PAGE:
The phrase “tax audit” generally carries the same type of connotation as “root canal.” Almost by definition, it’s not very pleasant – or at least that is the popular perception.
In practice, however, there is often a misconception about what a tax audit entails. Root canals are a pretty standard procedure. But there is more than one type of tax audit.
One type of audit involves face-to-face encounters between IRS agents and taxpayers that occur in office and field settings. These are understandably stressful experiences, dealing in person with an agent empowered to examine your documentation and ask pointed questions.
But in reality, there are many more audits conducted through correspondence than through face-to-face encounters.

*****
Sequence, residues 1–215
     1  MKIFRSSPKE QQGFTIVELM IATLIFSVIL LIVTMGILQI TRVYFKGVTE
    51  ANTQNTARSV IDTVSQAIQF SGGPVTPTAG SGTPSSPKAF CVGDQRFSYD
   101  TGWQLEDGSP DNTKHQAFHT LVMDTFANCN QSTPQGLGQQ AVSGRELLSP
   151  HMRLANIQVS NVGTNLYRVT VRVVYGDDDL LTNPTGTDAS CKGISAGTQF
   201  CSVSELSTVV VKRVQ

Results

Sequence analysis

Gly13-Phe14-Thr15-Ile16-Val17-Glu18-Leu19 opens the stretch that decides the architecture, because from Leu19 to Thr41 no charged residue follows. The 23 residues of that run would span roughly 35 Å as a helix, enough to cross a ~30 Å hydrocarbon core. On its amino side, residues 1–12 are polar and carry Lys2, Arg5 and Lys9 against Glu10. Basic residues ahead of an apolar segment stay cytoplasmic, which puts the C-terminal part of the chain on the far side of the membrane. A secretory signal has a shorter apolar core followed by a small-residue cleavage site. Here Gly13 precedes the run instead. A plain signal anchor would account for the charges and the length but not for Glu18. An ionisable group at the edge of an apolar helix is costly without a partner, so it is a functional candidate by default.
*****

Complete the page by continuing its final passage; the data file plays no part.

In these correspondence audits, taxpayers may be asked to send the IRS information about this or that financial detail. Once it receives that information, the IRS can then verify the taxpayer’s compliance.
But is it really true that correspondence audits are not as much of a burden for taxpayers as face-to-face audits? As the National Taxpayer Advocate noted in a discussion of correspondence audits, “corr-exams” may in some ways be equally or even more of a burden on taxpayers.
This is because correspondence exams lack the human perspective that a live IRS agent can provide. The corr-exam process churns away through a highly automated system that can lose sight of the forest in its obsessive, computer-driven focus on the trees.
Regardless of which type of audit you are subjected to – face-to-face or correspondence, keep in mind that you have the right to representation. A root-canal patient must sit alone in the dental chair. But someone facing a tax audit can get help from an experienced tax professional.
To learn more about our firm’s practice, please visit our page on tax audits.